Miami is hands down one of the most Instagrammable cities in the United States. We turned to experts at Four Seasons Hotel Miami, lofted 70 storeys above the city streets, and Four Seasons Hotel at The Surf Club – a favourite of Elizabeth Taylor and Frank Sinatra – for insider tips. Here, their recommendations on what to see, do, eat and shoot on your next Miami getaway – including an estate inspired by Italian Renaissance style and pies baked by a fireman – as well as the experiences photos can’t do justice.
Miami’s Wynwood neighbourhood is famed for its Wynwood Walls graffiti murals, but Plant the Future, a boutique across the street, is less photographed and even more visually arresting. The shop is chock-a-block with unexpected delights such as walls lined with preserved moss and mobiles made of trailing plants. Pick up a succulent terrarium or, in season, a butterfly cocoon you can take home to hatch.
Four Seasons Hotel at The Surf Club
OUTSIDE THE FRAME: Enjoy a wood-fired Asian-fusion dinner at KYU, where you can watch chefs churn out edible art in the open kitchen. “KYU is currently one of the top restaurants in Miami,” says Mark Warren, Four Seasons Hotel at The Surf Club Guest Relations Assistant Manager, who recommends the restaurant’s roasted cauliflower, served with shishitos and goat cheese. “Reservations are tough, so happy hour is an excellent way to check it out.” The “hour” is 4:30 to 6:30 pm, Monday through Saturday, and you shouldn’t miss the pork and duck sausage buns with Japanese mustard, best paired with a glass of luxe Junmai Daiginjo sake.
Travellers from around the world flock to see the contemporary art collection at The Bass on Miami Beach, reopened after renovation and expansion. “During Art Basel, a festival that always brings amazing artists to Miami, the museum will feature the Haas Brothers – I predict it will be a hit,” Warren says. “You can explore the museum on your own, but I think the best way to see it is through a complimentary tour,” arranged by the Hotel. Look for the particularly eye-catching fluorescent sculpture by Ogu Rondinone, Miami Mountain, on long-term view in the garden.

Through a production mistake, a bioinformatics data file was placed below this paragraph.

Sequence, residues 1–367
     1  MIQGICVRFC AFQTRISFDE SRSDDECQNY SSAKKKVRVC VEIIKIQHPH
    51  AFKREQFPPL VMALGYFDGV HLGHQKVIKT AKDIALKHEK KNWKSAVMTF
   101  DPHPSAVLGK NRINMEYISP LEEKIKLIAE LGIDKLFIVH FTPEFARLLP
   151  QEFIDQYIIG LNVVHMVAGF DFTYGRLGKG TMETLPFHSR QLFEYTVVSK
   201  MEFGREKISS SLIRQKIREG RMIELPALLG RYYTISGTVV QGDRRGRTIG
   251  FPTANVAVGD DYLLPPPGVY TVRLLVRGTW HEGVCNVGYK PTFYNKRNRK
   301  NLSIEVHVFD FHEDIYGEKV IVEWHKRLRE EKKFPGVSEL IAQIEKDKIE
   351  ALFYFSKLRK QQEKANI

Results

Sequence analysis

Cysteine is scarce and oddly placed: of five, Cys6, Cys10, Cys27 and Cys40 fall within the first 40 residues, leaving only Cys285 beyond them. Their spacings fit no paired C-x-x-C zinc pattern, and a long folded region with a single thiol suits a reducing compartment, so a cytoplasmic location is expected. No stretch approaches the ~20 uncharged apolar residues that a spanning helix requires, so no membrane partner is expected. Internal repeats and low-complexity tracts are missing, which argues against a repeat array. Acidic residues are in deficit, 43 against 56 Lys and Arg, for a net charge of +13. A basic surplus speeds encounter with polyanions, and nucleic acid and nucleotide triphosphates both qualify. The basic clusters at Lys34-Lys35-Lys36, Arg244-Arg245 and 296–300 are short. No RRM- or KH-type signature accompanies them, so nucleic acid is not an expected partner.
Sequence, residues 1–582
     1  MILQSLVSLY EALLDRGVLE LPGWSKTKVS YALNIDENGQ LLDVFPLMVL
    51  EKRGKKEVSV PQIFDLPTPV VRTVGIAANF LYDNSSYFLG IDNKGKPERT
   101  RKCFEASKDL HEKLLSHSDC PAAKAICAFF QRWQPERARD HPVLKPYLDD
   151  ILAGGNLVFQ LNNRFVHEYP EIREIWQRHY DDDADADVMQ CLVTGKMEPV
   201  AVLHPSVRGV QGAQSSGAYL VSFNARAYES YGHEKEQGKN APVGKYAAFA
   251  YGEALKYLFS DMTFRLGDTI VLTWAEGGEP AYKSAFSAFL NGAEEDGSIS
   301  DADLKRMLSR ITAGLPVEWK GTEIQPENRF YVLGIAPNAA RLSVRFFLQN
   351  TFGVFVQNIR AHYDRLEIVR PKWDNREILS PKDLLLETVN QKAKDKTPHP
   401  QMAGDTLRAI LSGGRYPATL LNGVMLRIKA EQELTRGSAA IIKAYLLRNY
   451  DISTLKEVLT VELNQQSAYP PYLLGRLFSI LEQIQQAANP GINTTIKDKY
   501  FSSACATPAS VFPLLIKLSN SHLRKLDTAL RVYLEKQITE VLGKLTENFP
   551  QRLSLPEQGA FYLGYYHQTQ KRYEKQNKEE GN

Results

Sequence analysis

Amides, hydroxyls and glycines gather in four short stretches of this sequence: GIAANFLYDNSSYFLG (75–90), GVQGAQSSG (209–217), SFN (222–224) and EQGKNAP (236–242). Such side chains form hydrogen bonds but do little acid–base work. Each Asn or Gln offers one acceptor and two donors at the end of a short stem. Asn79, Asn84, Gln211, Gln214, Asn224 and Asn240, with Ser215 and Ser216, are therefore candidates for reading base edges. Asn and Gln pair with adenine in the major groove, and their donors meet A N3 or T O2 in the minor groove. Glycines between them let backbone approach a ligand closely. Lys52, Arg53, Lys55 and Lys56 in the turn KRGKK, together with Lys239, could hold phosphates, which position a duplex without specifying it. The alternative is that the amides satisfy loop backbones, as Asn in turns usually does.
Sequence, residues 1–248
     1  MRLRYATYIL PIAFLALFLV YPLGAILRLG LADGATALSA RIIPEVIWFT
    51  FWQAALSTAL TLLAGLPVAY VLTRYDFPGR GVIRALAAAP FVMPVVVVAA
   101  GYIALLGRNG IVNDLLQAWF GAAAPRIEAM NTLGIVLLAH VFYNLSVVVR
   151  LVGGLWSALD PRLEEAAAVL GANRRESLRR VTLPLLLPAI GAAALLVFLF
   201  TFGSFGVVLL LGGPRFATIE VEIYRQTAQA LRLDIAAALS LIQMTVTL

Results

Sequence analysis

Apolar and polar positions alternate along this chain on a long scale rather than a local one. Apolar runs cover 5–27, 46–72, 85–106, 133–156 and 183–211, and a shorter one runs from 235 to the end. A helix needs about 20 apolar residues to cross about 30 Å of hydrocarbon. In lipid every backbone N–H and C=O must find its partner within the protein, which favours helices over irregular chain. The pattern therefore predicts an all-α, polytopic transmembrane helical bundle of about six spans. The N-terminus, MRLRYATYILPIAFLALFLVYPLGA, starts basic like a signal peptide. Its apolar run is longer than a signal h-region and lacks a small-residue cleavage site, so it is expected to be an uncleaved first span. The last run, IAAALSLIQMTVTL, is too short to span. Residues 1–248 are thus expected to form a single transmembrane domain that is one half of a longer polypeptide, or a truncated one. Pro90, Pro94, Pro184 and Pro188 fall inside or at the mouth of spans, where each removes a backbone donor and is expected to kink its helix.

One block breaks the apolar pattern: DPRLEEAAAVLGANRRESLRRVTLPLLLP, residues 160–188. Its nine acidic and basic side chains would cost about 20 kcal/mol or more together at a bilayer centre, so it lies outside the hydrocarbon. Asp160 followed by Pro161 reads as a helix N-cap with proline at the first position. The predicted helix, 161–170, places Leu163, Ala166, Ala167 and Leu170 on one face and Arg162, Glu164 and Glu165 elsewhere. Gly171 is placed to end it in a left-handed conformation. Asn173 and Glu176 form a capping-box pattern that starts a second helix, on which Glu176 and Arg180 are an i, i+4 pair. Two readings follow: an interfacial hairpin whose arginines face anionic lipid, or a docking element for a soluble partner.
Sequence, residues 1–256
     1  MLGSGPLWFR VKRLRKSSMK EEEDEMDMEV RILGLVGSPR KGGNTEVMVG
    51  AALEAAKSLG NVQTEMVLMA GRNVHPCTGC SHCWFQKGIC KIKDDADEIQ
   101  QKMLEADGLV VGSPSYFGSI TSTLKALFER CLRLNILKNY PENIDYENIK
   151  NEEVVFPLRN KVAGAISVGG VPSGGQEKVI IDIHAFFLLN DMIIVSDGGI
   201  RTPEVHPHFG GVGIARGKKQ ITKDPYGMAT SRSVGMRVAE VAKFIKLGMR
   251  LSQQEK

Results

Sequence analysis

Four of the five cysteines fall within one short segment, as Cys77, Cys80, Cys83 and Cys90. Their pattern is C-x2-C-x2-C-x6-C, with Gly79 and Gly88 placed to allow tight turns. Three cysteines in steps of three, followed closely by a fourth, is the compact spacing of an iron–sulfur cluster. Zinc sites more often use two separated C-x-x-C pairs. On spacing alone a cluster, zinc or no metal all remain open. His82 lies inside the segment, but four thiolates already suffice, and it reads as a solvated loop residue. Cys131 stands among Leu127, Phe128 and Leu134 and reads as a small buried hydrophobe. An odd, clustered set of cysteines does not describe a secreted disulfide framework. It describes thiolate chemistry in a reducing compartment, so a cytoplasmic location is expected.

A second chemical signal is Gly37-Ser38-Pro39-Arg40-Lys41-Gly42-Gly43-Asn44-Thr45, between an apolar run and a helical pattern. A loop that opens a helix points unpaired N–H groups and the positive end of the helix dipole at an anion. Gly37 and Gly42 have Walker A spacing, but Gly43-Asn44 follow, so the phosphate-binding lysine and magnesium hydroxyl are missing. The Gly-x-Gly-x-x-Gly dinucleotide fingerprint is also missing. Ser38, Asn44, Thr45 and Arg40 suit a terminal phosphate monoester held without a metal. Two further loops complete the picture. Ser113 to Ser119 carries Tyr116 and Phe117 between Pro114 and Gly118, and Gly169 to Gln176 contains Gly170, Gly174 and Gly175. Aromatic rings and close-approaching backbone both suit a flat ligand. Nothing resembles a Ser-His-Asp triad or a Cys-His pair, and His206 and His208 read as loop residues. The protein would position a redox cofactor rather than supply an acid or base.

OUTSIDE THE FRAME: Stop by Sweet Liberty bar – voted the best in Miami by Time Out magazine – for one of the city’s most inventive happy hours. “I love Sweet Liberty; it’s a fun place that always has live music,” says Bar Manager Jacopo Rosito of Le Sirenuse Champagne Bar at Four Seasons Hotel at The Surf Club. “Ask for the special table behind the bar, where you can watch the bartenders at work, and order the pina colada that’s made with an unexpected ingredient: Jamaican coffee beans.”
Even utilitarian structures get a rainbow-bright upgrade in Miami: “All of the lifeguard towers from First and Ocean Drive to 15th and Ocean Drive are unique and picture-perfect,” says Damion Richards, Four Seasons Hotel Miami’s Chief Concierge. “Visit in the early morning at about 6:00 am to catch the sunrise.” That’s when the towers – most of them painted in bubblegum pink, Hermès orange, or candy-cane red and white – are at their most photogenic, and tourists are nowhere to be seen.
Four Seasons Hotel Miami